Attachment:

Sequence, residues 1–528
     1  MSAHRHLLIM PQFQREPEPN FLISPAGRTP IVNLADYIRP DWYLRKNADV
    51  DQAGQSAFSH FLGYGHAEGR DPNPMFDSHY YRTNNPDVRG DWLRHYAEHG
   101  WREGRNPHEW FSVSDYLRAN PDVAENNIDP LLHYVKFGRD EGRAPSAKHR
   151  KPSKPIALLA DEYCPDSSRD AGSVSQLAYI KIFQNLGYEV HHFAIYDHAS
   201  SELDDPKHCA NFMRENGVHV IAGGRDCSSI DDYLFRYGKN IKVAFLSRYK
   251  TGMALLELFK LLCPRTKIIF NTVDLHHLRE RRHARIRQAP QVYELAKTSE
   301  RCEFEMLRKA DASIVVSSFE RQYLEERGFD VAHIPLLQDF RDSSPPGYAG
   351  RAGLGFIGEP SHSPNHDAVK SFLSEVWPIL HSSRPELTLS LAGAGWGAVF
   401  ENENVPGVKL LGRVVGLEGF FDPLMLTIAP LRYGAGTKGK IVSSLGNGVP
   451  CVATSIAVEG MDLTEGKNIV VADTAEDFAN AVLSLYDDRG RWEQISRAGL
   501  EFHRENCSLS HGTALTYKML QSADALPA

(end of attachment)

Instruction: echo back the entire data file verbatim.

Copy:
Sequence, residues 1–528
     1  MSAHRHLLIM PQFQREPEPN FLISPAGRTP IVNLADYIRP DWYLRKNADV
    51  DQAGQSAFSH FLGYGHAEGR DPNPMFDSHY YRTNNPDVRG DWLRHYAEHG
   101  WREGRNPHEW FSVSDYLRAN PDVAENNIDP LLHYVKFGRD EGRAPSAKHR
   151  KPSKPIALLA DEYCPDSSRD AGSVSQLAYI KIFQNLGYEV HHFAIYDHAS
   201  SELDDPKHCA NFMRENGVHV IAGGRDCSSI DDYLFRYGKN IKVAFLSRYK
   251  TGMALLELFK LLCPRTKIIF NTVDLHHLRE RRHARIRQAP QVYELAKTSE
   301  RCEFEMLRKA DASIVVSSFE RQYLEERGFD VAHIPLLQDF RDSSPPGYAG
   351  RAGLGFIGEP SHSPNHDAVK SFLSEVWPIL HSSRPELTLS LAGAGWGAVF
   401  ENENVPGVKL LGRVVGLEGF FDPLMLTIAP LRYGAGTKGK IVSSLGNGVP
   451  CVATSIAVEG MDLTEGKNIV VADTAEDFAN AVLSLYDDRG RWEQISRAGL
   501  EFHRENCSLS HGTALTYKML QSADALPA